Ice Fishing In Alberta – Your Need To Know Info

Posted on: September 20, 2017

Pretty soon the thousands of bodies of water that give the Lakeland its name will have frozen over for the next six months or more—that means it’s time for ice fishing in Alberta! During this time fishing fans have to radically change their approach in order to indulge in their hobby—and are forced to take a lot of safety measures that they wouldn’t otherwise.

If you want to get started in ice fishing in Alberta then you’ll need to bear the following in mind:

1. Safety First

it’s pretty hard to end up in the water when you’re sitting at the side of a lake, and if somehow you do take a plunge you’re likely to be at a shallow shoreline. When ice fishing there’s just a few inches of ice between you and deep, freezing water. Before you head out it’s important to have safety equipment: many ice fishers wear metal cleats on their boots to prevent slipping on the ice and carry life preservers, whistles, and specialist items like ‘ice spuds’- metal poles with serrated ends that allow you to test the ice ahead of you.

2. Keeping Warm

You might be lucky enough to be able to get a luxury ice cabin with heating, ovens and a beer fridge, but more likely than not you’ll have to make do with a simple pop-up shelter to keep the wind out and retain heat. You’ll need insulated, waterproof clothing, gloves and good quality boots to make the most of your trip, and don’t forget to carry a thermos of hot coffee or soup.

Some ice fishers head out onto the ice in pick-up trucks, allowing them to duck into the cabin to heat up. Clearly, a one-tonne pickup should only be used on the thickest ice and with plentiful safety equipment.

4. Rods And Traps

Because you’ll be in a small space, ice fishing rods are much shorter than regular fishing rods- usually around two feet. These should be fine for smaller fish, but if you want something to hang above the fireplace then you’ll need a tip-up—a trap that suspends a large piece of bait below the ice. When a fish takes the bait a flag on the trap pops up and you know that it’s time to pull the line in by hand. The advantage here is that tip-ups are ‘set and forget’, and you can place multiple tip-ups on a lake. Different lakes and areas have different limits on how many tip-ups you can set so be sure to research these before you set out on your trip to go ice fishing in Alberta.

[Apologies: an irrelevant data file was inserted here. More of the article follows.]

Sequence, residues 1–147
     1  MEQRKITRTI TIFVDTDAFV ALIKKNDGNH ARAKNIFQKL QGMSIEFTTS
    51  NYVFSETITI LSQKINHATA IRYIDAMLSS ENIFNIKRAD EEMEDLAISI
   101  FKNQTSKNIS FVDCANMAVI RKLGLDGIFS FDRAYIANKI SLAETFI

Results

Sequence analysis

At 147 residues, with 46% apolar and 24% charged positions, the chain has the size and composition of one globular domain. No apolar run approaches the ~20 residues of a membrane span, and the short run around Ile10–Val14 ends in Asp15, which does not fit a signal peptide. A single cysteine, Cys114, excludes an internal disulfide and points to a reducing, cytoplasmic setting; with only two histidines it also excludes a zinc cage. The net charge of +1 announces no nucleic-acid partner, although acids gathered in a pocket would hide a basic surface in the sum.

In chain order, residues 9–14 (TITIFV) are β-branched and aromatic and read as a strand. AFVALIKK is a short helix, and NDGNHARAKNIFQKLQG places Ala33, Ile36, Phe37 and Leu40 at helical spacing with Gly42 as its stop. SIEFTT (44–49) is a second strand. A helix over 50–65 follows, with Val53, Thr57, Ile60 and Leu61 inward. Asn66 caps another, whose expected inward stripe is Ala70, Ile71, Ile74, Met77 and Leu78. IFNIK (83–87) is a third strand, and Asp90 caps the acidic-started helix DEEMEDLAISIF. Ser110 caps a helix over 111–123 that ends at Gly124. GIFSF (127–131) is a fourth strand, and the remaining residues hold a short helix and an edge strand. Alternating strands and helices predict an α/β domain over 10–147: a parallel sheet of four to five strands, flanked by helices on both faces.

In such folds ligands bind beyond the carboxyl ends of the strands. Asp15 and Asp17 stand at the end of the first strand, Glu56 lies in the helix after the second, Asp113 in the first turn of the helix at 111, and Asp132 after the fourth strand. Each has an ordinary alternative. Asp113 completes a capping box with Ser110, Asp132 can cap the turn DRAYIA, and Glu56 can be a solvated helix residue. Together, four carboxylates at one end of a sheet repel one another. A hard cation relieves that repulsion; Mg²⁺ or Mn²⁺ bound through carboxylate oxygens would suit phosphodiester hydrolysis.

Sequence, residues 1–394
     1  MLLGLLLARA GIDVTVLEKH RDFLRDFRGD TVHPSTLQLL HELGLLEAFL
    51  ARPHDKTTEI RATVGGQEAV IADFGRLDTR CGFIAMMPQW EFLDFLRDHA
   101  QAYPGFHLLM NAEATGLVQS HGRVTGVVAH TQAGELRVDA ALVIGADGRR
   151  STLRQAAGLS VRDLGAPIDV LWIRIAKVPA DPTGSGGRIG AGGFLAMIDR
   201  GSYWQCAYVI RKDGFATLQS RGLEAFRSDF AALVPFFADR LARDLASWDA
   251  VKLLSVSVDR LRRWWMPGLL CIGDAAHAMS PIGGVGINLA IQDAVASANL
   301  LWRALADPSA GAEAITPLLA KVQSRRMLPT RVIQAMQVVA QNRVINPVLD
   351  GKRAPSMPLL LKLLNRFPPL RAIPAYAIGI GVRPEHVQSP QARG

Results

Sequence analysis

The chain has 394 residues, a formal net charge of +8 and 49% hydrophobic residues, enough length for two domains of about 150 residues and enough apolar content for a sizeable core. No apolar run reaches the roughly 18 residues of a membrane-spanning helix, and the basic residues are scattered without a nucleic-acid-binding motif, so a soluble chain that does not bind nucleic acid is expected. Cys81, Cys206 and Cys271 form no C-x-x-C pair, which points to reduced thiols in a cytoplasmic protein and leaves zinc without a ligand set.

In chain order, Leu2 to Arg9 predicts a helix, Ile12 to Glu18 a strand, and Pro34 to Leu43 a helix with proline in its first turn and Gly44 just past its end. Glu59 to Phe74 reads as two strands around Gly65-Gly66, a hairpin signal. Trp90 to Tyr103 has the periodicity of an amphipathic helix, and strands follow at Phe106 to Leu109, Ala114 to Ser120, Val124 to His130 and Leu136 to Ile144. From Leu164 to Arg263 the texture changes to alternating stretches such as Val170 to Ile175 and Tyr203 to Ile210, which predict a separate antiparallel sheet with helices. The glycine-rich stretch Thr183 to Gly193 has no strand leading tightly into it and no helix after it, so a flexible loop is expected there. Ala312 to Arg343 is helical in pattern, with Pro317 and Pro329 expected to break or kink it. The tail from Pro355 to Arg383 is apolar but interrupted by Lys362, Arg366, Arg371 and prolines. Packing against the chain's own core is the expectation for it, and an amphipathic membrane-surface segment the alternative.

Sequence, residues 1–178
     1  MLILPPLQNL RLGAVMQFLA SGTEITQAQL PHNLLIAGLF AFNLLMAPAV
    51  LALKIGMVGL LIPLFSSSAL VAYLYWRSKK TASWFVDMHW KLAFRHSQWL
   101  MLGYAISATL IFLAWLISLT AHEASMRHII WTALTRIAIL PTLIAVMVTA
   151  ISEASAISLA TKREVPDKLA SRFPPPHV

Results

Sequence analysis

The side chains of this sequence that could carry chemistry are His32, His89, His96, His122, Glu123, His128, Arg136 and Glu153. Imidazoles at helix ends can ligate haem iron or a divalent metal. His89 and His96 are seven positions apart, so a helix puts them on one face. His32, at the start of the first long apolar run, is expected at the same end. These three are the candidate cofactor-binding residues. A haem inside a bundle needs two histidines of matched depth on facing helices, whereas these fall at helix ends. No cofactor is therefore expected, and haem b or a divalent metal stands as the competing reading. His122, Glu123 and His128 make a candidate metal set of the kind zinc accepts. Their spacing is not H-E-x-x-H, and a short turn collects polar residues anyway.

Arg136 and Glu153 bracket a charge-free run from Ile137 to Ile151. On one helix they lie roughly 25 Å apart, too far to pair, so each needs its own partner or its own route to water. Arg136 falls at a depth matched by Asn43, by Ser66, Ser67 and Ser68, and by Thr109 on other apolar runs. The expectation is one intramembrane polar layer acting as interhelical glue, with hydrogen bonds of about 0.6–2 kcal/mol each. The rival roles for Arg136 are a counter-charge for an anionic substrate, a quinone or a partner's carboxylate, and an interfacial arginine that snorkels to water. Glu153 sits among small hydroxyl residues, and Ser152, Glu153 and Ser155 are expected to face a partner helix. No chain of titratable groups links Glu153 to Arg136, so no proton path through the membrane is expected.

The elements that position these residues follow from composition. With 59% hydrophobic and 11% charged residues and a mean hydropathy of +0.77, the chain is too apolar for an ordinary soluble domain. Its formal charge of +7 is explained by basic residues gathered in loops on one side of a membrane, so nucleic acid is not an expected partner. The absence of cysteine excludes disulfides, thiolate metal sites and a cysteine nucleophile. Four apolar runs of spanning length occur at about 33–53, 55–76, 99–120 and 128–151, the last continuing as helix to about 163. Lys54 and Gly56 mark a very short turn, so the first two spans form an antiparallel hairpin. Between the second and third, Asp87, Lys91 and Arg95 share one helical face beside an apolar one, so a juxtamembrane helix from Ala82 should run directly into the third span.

5. Breaking The Ice

Obviously, you’ll need to get through the ice and into the liquid water below. In the early season, when the ice isn’t so thick, you can use the ice spud to (carefully) chip away at the ice. Later in the season, you’ll need to bring along an auger or even a motorized ice drill. How wide the auger should be depends on what size of fish you’re looking to catch. Be warned, a large diameter auger is a lot of work to use, so consider a motorized version if you’re looking to bring home a big fish.

6. Testing The Ice

Check with Alberta Outdoorsmen Forum or bait shops to find out when conditions are right. The rule about ice thickness is: two inches will support an adult human, six inches will support a snowmobile and ten inches can support a pickup truck. It’s best to err on the side of caution- wait until the ice is three or four inches thick before heading out on foot, particularly in late or early season, when ice is soft and likely to crack. Avoid rivers completely- flowing water doesn’t form strong ice, even when it’s thick.

Ice fishing in Alberta can be a fun, relaxing time with the right equipment—and plenty of hot drinks. Check out our Ice Fishing page to learn more about where to ice fish in the Lakeland along with the types of fish available in each lake!

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